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  • Hof in The Atlantic: How Trump Could Sell Out Syria to Putin


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  • Raqqa: Amnesty International and Taking Responsibility

    On June 5, 2018 Amnesty International issued a report entitled “War of Annihilation:” Devastating Toll on Civilians, Raqqa – Syria. A shockingly painful account of the experiences of four Syrian families during the June-October 2017 military campaign to oust ISIS (ISIL, Daesh, Islamic State, IS) from its self-declared “capital” in Syria, the report (based largely on a February 2018 on-site investigation) alleges that the anti-ISIS Coalition took insufficient steps to protect civilians. Specifically:

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  • Russia and Iran: Splitting Over Syria?

    Recent reporting gives the impression that Moscow and Tehran are parting ways in Syria. The Kremlin has called on all foreign military forces—except for its own—to leave the country. Tehran has loudly and indignantly rejected the Russian invitation. American officials might be tempted to feel encouraged: a temptation that should, for the time being, be resisted. Moscow knows that without Iran and its Shia militias the Assad regime is bereft of ground combat forces. The point of this supposed contretemps may be to lull Washington into complacency; to consign Syria to Russia, to implement President Trump’s stated desire to leave quickly, and to secure Bashar al-Assad in his place indefinitely.

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  • Stabilization and the Syrian Opposition

    For seven years a chilly, arms-length relationship between the US government and the Syrian opposition has worked to the profound disadvantage of both. Washington has often deprived itself of timely information and informed advice at key junctures of the Syrian crisis, leaving it vulnerable to policy reversals and even disasters. And blindness has been contagious. The opposition—both inside and outside Syria—has typically been clueless about American intentions, as it has struggled with internal indecision, dissension, and disunity fed by the conflicting priorities of regional actors seeking to control the Revolution in the absence of American leadership.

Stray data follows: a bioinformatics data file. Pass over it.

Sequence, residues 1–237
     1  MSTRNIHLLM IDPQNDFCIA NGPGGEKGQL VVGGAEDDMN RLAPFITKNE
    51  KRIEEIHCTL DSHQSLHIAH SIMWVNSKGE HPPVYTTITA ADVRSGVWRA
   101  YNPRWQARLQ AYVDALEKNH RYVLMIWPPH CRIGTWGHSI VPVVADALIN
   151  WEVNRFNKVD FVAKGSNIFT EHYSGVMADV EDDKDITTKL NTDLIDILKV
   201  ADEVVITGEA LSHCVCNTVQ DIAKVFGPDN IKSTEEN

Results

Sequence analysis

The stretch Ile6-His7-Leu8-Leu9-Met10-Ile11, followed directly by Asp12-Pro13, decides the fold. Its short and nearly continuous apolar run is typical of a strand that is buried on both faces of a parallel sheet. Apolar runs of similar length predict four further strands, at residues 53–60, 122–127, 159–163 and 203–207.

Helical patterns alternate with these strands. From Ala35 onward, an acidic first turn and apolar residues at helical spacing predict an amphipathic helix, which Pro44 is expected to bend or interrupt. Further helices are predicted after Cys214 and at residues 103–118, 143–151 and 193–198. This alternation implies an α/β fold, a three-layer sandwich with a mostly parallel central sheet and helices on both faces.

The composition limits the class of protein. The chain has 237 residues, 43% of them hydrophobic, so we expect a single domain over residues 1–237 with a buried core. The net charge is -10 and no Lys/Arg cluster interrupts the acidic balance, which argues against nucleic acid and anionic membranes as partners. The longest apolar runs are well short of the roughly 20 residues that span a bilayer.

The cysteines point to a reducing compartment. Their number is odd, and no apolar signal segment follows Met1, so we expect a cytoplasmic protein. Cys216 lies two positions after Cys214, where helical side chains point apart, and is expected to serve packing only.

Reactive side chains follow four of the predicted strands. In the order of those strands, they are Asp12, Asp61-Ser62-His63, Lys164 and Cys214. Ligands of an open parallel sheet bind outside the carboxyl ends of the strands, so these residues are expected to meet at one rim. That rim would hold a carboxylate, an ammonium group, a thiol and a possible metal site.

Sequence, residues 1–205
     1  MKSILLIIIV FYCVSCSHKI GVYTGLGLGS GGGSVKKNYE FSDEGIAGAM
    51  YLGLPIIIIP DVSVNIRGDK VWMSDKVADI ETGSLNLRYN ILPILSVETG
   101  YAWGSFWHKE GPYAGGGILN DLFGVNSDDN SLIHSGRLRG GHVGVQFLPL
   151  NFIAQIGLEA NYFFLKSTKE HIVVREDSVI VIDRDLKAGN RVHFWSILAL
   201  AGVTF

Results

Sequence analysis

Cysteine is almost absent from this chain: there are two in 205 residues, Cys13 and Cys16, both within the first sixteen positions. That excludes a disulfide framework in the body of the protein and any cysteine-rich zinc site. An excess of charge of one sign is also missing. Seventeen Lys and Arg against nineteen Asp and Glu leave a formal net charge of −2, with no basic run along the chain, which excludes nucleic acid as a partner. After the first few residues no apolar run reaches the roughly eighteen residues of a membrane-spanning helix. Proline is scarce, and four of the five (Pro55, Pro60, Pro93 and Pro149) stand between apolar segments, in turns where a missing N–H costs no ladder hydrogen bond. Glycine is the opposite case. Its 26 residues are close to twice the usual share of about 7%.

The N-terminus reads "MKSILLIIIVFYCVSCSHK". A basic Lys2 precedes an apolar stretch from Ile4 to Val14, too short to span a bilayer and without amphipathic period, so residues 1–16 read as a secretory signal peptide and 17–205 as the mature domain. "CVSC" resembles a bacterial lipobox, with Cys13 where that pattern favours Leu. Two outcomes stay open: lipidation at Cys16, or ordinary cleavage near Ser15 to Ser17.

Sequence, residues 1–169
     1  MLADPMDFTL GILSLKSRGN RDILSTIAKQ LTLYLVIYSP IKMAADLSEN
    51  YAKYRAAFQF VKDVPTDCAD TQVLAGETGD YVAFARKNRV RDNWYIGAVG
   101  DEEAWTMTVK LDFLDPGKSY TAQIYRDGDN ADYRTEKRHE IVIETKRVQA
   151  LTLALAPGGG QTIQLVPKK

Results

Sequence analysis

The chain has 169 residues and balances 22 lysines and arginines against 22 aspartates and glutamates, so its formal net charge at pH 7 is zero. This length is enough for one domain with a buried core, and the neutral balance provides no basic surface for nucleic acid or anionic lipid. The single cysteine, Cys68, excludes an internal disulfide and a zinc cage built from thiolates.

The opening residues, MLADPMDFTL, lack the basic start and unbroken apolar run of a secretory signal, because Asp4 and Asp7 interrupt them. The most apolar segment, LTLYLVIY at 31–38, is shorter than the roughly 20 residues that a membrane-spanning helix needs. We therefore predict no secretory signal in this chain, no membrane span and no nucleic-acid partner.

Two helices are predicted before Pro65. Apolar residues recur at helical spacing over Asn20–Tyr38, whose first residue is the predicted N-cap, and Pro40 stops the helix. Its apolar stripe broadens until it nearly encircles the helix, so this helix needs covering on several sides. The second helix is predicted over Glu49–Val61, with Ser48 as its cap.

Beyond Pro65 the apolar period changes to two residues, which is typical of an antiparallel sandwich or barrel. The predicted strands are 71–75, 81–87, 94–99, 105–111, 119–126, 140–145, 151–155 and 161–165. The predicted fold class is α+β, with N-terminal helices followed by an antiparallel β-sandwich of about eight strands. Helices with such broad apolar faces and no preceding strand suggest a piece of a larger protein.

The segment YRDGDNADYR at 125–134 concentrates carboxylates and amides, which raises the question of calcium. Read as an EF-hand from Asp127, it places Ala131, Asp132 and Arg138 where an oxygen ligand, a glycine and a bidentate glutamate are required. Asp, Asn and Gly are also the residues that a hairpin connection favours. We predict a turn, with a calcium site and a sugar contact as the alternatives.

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  • Killing the JCPOA: Opportunity Missed?

    As reported previously by this writer, senior Iranian former officials repeatedly told him and other Americans in unofficial, track II discussions preceding the nuclear deal, that Iran had no intention of weaponizing nuclear energy. The reason offered had nothing to do with Koranic proscriptions. To paraphrase one of the Iranian ex-officials, “Look at all we have been able to accomplish in the region—in Lebanon, Iraq, Syria, and now Yemen—without nuclear weapons. Now imagine us going nuclear and provoking nuclear proliferation everywhere in the neighborhood. Do you think we want a nuclear war crisis every time we dispatch General Soleimani somewhere?” When the ex-official was asked “What then is the purpose of these negotiations?” he quickly replied, “We need relief from sanctions.”